The Sanity Clause

28 09 2008

I was at a party a week ago (or so) and found myself in a rather impassioned argument with somebody, which – as I am normally very non-confrontational, left me a little bit shaken. I had, of course, precipitated the whole thing but to suggest that I was the root and cause of the argument itself would be to ignore her role in the affair. It is normally my way to sue for reconciliation after such an event, rare as they are, but I have decided this time to stick to my guns.

The statement that I had made, uttered in the euphoric state that generally follows several beers in a relaxed and social environment, had offended her to the core. I acknowledge that it was a harsh statement, although the sentiment that I expressed in due course (after clarifying my statement somewhat) was not harsh in the slightest.

I had simply noted that I am inclined to agree with Richard Dawkins and Christopher Hitchens: religion constitutes child abuse. That is a most inflammatory thing to say, and I said it because until then she was humoured by my wild pontifications, and the topic had somehow arisen. Little did I know that she is a religious Catholic.

Retracting so strong a statement is virtually impossible, and the difficulty was compounded by the basic fact that, at a fundamental level, I did not want to. What is it they say about discussing religion at parties? I cannot remember. In any case, what I went on to say, in an attempt to (partially) modify my initial sentiment, was that children are designed to believe absolutely anything that an adult tells them. That is obvious: were an infant to instinctively distrust their parents, they would only rarely survive long enough to become parents themselves. If a parent is to teach the children nonsense, but actually believe it themselves, then I have little problem with the situation. I realise Dawkins and Hitchens find such a scenario morally repugnant, but… well, there is much that is repugnant about Dawkins and Hitchens as well.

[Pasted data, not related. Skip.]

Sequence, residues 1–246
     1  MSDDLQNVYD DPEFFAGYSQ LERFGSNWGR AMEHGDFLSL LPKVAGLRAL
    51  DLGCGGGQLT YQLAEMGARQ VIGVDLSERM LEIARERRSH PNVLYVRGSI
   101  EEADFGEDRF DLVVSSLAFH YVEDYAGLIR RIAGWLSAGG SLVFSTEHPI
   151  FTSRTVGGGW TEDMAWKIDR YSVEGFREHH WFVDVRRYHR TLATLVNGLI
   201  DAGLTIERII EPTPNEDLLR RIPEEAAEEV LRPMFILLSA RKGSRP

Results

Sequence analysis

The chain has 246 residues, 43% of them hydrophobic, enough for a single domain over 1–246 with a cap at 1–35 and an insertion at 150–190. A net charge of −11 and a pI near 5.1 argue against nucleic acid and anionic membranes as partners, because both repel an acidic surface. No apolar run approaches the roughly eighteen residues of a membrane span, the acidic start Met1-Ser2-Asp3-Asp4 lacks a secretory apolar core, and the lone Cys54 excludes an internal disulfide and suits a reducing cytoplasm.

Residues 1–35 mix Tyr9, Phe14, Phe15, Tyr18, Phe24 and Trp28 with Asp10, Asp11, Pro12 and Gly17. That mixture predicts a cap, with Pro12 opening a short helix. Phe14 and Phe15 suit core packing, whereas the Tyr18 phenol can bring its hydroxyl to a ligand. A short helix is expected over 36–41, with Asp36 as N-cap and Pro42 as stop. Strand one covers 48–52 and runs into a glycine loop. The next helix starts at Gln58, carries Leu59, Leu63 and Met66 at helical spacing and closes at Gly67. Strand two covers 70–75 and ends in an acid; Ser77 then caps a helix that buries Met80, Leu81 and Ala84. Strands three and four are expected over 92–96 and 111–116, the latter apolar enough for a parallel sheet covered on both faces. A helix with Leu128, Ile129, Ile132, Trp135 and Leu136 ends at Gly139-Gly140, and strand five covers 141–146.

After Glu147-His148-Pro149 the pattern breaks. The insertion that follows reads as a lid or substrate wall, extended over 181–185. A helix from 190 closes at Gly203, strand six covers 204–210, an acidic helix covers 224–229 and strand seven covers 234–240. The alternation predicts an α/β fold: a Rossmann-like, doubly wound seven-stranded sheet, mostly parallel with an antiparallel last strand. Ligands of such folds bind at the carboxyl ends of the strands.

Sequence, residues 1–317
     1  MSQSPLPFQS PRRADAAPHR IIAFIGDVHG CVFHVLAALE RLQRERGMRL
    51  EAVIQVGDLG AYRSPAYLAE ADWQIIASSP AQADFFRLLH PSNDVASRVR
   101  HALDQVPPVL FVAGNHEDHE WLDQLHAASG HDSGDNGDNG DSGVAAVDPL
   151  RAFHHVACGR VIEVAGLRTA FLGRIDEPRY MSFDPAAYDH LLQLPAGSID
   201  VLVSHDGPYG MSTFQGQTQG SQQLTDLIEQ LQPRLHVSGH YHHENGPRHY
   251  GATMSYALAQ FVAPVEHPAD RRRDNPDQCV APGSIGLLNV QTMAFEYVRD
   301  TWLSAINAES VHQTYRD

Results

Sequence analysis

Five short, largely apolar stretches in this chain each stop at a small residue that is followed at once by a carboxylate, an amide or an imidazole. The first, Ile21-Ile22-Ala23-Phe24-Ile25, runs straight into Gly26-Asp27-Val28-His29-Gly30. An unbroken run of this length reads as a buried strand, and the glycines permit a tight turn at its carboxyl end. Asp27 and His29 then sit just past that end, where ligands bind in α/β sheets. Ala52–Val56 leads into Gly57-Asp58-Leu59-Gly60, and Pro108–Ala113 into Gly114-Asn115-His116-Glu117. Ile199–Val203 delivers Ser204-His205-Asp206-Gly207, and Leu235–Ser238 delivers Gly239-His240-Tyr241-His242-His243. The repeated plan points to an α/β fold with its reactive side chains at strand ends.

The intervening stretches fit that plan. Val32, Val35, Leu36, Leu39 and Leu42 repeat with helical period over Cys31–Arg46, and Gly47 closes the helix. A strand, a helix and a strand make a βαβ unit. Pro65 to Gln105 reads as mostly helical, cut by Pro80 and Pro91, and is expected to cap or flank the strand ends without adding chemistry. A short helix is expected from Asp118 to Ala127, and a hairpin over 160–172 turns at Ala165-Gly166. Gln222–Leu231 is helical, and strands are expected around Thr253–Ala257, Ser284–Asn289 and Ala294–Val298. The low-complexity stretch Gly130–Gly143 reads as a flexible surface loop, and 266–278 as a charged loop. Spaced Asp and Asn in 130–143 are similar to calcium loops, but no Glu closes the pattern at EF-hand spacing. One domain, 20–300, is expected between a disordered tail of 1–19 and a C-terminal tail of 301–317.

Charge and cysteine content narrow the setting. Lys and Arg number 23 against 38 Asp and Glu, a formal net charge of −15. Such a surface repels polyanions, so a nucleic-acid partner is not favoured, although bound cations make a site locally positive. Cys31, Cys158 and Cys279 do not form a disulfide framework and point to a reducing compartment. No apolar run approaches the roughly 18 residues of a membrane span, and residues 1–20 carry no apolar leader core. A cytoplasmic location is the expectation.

No, my gripe is with the following scenario: parents who deliberately teach their children things that they, themselves know to be patent nonsense – simply because the child looks cute when he or she is fooled. Filling an infant’s head with rubbish about Santa Claus or the Easter Bunny (as well as non-religious drivel like the Tooth Fairy) is a form of child abuse. Is that really so offensive?

Apparantly so, although I can also allow for the fact that she had consumed several beers as well. Passionately, she informed me that she grew up with Santa Claus, would not trade her youth of lies and abuse (my words, not hers) for any other, accused me of depriving children of their imagination, and went on to suggest that such things must exist within Judaism too.